[Snort-users] "trons" Rules

Fyodor fygrave at ...121...
Sun Mar 3 00:13:02 EST 2002


Kohlenberg, Toby <toby.kohlenberg at ...1966...> spoke:
> All opinions are my own and in no way reflect the views of my employer.

;-) Interestingly you mentioned it twice :->

> 
> Yup, that jibes with my understanding as well- the issues that come up are
> doing it fast and without sucking all your resources up (especially on
> highly
> utilized high speed links. Keeping track of tens of thousands of sessions
> can
> be hard).

Well, if you try to do everything realtime - yes. But  I was thinking
here, if we look at what a network IDS does: most of the time it is
passively captures the traffic, examines contents and sends
alerts/alarms. Within these 3 procedures IMHO only packet capture has to
be done in real time mode, to avoid packet loss/drops. Packets
examination and alerting could be done in batch/sequenced mode, possibly
distributed across several systems to catch up with the queue of
arriving packets. Possibly quick analysis (straight pattern match) and
reactive responses based on this analysis could/should be performed real
time. The rest.. if you'd know that your system has been rooted at the
same second when IDS saw the system being rooted, or 10 seconds after,
it slightly would make much difference, on the other hand it's more
important to know/see that someone attempted to root your system and be
able to examine traffic logs, and if an IDS would miss this attempt due
to performance issues, this would be *bad*.

So I was thinking, maybe actual NIDS design should include 2 phases of
traffic analysis: real-time pattern match/possible reactive response
+ packet queueing, and "offline-mode" packets examination/analysis.
First phase could be performed on the network sensor right away, while
the second phase could be done on the sensor, or on the other system, or
even distributed within a cluster, if high performance is required.

> You get the benefit of not needing a specific signature, but you
> also fall prey to the developers who don't implement according to RFC or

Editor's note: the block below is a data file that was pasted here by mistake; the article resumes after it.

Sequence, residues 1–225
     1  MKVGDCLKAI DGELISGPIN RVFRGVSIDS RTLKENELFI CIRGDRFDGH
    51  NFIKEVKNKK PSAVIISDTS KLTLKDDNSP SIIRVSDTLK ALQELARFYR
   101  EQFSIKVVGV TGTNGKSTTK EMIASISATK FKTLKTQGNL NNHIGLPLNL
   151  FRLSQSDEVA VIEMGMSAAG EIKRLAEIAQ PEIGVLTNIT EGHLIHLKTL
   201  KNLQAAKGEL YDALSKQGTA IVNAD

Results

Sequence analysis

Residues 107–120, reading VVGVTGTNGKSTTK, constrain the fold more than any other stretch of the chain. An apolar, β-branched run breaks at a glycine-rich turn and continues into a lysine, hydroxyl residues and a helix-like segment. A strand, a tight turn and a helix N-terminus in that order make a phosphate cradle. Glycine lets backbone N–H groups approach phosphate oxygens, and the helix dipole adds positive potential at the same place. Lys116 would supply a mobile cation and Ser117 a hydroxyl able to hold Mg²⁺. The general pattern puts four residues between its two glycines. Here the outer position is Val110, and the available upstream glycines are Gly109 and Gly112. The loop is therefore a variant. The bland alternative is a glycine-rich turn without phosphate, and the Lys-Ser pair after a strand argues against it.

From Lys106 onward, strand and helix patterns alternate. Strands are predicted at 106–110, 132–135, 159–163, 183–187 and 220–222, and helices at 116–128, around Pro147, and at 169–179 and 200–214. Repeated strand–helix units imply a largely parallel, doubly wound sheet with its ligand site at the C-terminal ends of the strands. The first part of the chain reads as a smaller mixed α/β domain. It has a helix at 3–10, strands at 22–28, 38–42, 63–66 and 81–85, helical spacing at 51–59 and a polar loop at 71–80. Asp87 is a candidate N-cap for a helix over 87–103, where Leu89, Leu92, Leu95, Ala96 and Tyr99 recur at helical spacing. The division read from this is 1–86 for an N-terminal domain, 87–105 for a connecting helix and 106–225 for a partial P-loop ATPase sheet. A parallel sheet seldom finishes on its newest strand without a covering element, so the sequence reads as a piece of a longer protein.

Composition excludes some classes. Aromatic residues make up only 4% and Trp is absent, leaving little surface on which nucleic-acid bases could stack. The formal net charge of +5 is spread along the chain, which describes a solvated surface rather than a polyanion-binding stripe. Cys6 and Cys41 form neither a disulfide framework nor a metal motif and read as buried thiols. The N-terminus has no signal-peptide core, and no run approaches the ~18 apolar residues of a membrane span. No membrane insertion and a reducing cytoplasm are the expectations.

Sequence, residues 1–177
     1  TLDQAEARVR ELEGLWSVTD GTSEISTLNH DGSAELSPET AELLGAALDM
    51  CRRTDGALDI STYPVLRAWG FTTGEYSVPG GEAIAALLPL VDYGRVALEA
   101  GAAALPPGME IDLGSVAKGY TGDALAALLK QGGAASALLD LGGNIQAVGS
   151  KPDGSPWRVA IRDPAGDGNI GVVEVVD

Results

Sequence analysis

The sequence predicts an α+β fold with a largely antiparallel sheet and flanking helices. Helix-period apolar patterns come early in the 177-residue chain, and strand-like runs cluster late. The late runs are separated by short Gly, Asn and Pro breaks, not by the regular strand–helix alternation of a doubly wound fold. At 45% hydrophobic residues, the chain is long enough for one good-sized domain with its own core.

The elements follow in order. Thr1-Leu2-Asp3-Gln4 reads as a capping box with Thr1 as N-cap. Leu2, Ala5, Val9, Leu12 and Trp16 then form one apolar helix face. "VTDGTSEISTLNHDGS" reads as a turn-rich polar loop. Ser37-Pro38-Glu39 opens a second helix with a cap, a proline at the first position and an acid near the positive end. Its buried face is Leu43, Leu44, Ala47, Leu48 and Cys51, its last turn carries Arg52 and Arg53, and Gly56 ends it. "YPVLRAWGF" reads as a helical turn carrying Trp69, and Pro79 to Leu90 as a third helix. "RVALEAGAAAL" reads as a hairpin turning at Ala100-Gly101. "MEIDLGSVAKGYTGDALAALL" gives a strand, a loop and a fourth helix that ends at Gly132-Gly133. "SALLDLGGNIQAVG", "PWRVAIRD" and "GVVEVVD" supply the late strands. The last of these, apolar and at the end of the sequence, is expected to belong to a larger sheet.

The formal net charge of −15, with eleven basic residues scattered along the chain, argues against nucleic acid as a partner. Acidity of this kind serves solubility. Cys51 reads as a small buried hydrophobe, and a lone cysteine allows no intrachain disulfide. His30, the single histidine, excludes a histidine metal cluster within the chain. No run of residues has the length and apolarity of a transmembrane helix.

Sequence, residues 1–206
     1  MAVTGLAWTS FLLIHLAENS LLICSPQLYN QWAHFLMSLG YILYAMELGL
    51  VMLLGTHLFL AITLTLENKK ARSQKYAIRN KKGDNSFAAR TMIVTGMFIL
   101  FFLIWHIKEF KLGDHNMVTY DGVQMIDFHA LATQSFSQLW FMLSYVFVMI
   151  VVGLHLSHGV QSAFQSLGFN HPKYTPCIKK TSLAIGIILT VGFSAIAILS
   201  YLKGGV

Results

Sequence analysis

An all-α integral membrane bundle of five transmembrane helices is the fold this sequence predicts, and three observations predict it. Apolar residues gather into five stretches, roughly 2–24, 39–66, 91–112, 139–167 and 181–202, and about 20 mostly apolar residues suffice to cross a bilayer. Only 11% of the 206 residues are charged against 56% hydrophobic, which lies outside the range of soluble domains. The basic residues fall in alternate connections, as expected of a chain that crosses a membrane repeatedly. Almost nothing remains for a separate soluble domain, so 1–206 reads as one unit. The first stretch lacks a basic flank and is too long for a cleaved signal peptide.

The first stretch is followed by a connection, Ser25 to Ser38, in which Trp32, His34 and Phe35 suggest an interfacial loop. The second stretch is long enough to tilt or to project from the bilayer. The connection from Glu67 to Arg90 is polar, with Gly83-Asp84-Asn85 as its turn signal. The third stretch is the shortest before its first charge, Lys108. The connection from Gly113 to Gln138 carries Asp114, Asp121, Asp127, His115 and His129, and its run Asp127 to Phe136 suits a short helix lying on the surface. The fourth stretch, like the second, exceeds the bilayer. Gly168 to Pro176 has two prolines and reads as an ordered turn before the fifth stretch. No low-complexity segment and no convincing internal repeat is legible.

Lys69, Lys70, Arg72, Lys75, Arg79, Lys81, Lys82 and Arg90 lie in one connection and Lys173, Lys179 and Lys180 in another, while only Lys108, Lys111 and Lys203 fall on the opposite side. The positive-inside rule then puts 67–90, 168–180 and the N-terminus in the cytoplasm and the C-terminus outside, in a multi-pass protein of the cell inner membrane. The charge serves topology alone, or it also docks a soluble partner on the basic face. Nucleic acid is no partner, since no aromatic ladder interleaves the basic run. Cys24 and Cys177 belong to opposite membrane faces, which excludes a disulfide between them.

> missing
> a packet somewhere.

Well, that's where 'anomaly detection' always fail: you teach your
system to figure out what is 'expected' traffic in your network, and
what is not. And if it sees anything that it didn't know about before,
it will yell an alert on that. But IMHO protocol analysis should not
only include 'validation' of the traffic, it also could have signature
matches, just in the case with protocol analysis, these signatures could
be more presice, i.g. instead of saying 'trigger alert if a tcp packet
to port 80 contains "GET /phf-blah"' we could say 'trigger alert if an
within an http connection the request method is "GET" and page
"/phf-blah" was requested'.


> I thought the TRONS module was cool to hear about but personally I think it
> reinforces a conclusion I've reached- Don't try to make one product do
> everything.
> If IDS is really important to you, use best-of-breed products for as many
> technologies as you need to feel comfortable-

True. Evasion methods which could trick one IDS, could be caught by the
other. More 'eyes' you'd have to see the picture of what is happening in
your network, better you'd understand the situation. (it's like the
buddist tale about an elephant and n blind people who were trying to
figure out what an elephant is like').

> Since it is a black box, I guess it is a matter of faith to some extent, but
> if you look at the fact that Rob was able to announce that BlackICE caught
> the
> PROTOS SNMP tests without modifications and the alert names he gave (which
> described problems with the protocol), it does suggest that he is doing
> protocol
> modeling/analysis.

Well, information which we hear from ISS is usually overfilled with
marketting hype, so I'd hardly trust the things much unless I'd see it
myself. Although I think with proper protocol validation, some of
recently published SNMP bugs could be caught ;-)


> All opinions are my own and in no way reflect the views of my employers

;-)

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